Before The KMJ Got Underway: Behind The Scene Look At The Remodel

Visit The KMJ

Fine Art Contemporary Sculpture Gallery


111 AABC Suite D, Aspen CO 81611

Summer Hours: 10:30 to 1, 3 to 6, Monday to Friday.

Private viewings welcome. email, or call 970 319 1070 for details.



Now that the KMJ is up and running, the dust is settled and the hard work complete, I can safely say that had I fully understood at the outset the sheer scale and scope of the task at hand, I would perhaps have had just cause to revise down our somewhat ambitious plans.



At the outset, waay  back on May Day,  Kris and I held little in the way of design concept for our long-awaited studio gallery. All we wanted was to present our sculpture in its best possible light.  Never-the-less, we both knew that once we got going, and we began to get to know the place, a plan of some sort would summarily unfold.  Solutions would present themselves as and when needed.   And in fact many of the KMJ’s signature features – masonry plinths, pillars and walls, were dictated by conditions on the ground, as the massive remodeling project was to unfold.



Even I am prone to forget just what a task faced us when the time came for us to roll up our sleeves and turn this former plumbing shop into a platform on which to showcase  our fine art contemporary sculpture.





So easy it is now to forget the almighty mess that was Day 1, May 1st, May Day, 2017, a date that will forever evoke images such as those presented in these pictures.   Should I now be tasked with doing this all over again, in all honesty, I doubt that I could summon the strength.   Thankfully however from the outset, I (we, Kris and I both) never allowed ourselves to be overwhelmed by the situation, even when the situation at times appeared ever so slightly overwhelming.



Nope! We just got stuck in, and turned our attentions to the task at hand, whatever that may be.

First of all there was the little matter of painting the ceiling and walls.



Many were the hours spent literally watching paint dry, as I dutifully made my systematic tours of the room.



Eventually however, with every inch of wall and ceiling sufficiently coated, attention turned downward, and on to the solid concrete floor.



“Solid concrete floor” it was alright, but who knows how many year’s worth of grime lay smeared, glued and stuck across practically its entire surface.



Believe it or not – these photos were actually taken on Mother’s Day.    What can I say?  Such devotion to the cause; but that’s how it was at this point, “Backs to the grindstone, all hands to the pump”.


 presents: ‘The Floor of a Thousand Holes’.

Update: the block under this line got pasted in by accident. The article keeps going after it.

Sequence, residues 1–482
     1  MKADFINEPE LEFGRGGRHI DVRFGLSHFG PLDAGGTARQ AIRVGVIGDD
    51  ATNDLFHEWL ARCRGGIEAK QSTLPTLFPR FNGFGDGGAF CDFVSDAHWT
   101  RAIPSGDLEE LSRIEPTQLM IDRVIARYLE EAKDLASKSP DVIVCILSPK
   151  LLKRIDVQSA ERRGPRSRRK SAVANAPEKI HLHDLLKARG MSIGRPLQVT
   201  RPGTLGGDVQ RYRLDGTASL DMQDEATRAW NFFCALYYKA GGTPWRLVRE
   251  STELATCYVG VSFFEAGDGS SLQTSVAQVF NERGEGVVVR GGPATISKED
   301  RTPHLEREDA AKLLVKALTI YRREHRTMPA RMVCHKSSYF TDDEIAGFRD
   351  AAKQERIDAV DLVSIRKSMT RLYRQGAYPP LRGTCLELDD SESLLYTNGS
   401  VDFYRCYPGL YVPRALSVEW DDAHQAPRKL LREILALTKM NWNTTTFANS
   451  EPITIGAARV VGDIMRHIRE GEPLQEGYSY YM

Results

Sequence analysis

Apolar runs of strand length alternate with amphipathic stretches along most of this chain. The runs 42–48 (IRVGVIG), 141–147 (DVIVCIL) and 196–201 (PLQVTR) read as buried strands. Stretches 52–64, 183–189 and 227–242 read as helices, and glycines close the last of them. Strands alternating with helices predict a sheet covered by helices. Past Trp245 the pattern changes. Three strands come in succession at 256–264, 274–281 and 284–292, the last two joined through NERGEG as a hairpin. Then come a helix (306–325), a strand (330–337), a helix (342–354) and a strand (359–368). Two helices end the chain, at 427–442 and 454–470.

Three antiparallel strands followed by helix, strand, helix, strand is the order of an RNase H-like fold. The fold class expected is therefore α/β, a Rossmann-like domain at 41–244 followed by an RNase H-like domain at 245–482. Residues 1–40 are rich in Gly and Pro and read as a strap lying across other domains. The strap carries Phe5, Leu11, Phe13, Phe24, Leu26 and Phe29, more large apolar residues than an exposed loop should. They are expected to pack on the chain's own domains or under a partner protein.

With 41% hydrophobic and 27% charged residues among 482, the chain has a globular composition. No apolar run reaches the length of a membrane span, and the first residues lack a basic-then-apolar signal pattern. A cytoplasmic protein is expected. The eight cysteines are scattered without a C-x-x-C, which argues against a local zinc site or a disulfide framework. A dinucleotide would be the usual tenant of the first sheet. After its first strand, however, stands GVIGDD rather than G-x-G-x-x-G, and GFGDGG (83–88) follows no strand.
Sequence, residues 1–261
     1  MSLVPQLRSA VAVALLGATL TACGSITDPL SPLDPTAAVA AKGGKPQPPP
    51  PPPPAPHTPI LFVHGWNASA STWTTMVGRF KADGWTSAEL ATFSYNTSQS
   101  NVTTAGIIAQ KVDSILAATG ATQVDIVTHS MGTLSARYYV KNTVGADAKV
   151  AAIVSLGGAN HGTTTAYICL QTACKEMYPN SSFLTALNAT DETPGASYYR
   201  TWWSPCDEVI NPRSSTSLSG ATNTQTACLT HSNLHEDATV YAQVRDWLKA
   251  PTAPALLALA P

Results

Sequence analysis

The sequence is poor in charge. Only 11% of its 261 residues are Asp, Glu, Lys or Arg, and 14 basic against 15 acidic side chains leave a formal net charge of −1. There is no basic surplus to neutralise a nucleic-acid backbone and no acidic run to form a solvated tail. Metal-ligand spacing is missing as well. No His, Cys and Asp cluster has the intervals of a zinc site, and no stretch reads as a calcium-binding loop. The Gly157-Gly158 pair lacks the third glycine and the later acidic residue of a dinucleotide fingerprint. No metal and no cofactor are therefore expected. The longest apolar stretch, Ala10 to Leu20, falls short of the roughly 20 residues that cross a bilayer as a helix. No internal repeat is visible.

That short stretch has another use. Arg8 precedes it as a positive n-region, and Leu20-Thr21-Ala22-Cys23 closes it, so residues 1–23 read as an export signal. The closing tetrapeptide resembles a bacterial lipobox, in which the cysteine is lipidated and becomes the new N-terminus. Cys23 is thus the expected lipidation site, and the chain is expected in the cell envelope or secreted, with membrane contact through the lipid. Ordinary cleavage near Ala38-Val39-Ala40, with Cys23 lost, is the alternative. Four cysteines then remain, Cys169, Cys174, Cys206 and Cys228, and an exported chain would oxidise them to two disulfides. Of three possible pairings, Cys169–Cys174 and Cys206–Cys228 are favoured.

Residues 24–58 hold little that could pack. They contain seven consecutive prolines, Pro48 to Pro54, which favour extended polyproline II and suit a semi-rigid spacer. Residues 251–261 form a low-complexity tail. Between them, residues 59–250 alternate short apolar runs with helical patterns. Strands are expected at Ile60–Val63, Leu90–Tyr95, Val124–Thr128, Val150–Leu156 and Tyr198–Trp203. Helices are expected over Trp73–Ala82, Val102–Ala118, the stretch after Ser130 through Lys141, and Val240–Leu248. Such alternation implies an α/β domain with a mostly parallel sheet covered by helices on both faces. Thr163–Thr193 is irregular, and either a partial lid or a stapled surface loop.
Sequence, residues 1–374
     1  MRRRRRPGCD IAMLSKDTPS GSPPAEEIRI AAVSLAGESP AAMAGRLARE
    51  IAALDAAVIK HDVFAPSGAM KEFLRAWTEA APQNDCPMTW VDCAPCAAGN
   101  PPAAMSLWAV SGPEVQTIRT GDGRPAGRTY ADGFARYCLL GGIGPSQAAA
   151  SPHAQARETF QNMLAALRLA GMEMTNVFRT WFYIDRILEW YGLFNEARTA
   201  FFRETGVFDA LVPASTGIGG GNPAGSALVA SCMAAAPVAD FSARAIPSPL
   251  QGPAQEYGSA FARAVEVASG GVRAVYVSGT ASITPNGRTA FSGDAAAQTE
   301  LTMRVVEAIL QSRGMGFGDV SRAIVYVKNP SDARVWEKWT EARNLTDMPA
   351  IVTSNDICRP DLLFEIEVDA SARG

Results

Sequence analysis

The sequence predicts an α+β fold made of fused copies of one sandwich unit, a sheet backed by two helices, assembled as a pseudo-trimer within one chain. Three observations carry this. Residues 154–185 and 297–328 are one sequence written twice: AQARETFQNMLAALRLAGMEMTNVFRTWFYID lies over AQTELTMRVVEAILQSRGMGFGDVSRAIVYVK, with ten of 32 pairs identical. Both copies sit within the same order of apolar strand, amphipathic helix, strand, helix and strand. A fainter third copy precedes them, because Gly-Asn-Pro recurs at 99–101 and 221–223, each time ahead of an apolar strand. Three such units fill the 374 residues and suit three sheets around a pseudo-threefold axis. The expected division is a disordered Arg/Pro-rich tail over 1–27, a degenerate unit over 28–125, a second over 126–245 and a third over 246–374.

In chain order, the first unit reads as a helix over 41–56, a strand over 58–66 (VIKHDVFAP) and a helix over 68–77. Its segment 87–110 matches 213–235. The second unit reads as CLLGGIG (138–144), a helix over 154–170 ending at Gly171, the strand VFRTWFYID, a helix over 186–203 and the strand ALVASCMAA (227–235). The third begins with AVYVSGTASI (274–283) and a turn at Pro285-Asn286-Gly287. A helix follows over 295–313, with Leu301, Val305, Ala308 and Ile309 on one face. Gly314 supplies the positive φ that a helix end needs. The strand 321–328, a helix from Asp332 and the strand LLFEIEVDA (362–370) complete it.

Undaunted by the magnitude of the task – Kris and I really wanted that beautiful 40 year-old concrete floor restored no matter what. And so, in spite of so very many tiny little holes, one-by-one, I set about patching them.    But first, in order to secure a clean surface for which the filler to bond, I duly scrambled around the room in pure crablike fashion drilling out each and every blemish I could find.    And as you can see, I found a great, great many opportunities to drive my drill into the wound and commence the healing process (the poor, poor floor).






It was at this point that we had the bright idea of adding paint pigment to the Rockrete.



‘Every drill hole tells a story’.   So many were they that they serve to ghost out the traces of the shops, offices and various business that have, in years past, utilized 111 Suite D, current host to






Perhaps a central reason why it has stood the test of time so very well – 40 plus years – is the fact that  instead of ‘one big pour’ the floor is comprised of identical ten by ten feet squares, each draining inward to the center point.    The edges however had, down through the years, degraded to such a point that necessitated a wholesale re-grout.










So very gratifying it was to pull up those tapes, I can tell you.








For the final clean up we once again found ourselves hurled back into the painstaking drudgery of scraping up  grime.





Once the grime was lifted, the floor washed, scoured and cleaned, I immediately commensed construction on the banker, and duly muddied the whole thing up. But at least, this time around, the contaminant: cement, sand and lime, was what my grandfather John Templeman would have logically considered to be “clean dirt”, not the filthy slime that Kris and I had painstakingly removed.





In order to preserve the actual banker on which I had carved the entire body of work that I was about to exhibit, I carefully took the Woody Creek banker apart, and re-positioned it in the studio – the new home of Curvilinear Marble Sculpture.









Who knows of the sculpture destined to be carved upon this very spot.



And so no, on reflection, I do not regret a single thing. Sore as my back was, achy as my knees, it seemed so plainly obvious to both of us that THIS was our one chance to build the gallery of our dreams… and damn the concept of self imposed deadlines.





Once I realized that, in order to facilitate the demands of the studio, a solid masonry wall was required, then a solid masonry wall was built.







And now for the slideshow



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Stay tuned as various updates and announcements track the fate of our new revolutionary fine art contemporary sculpture gallery.



Initial indications however would point to a quite satisfactory remodel. Now comes the all important launch.



Interesting times, indeed.





thanks for visiting



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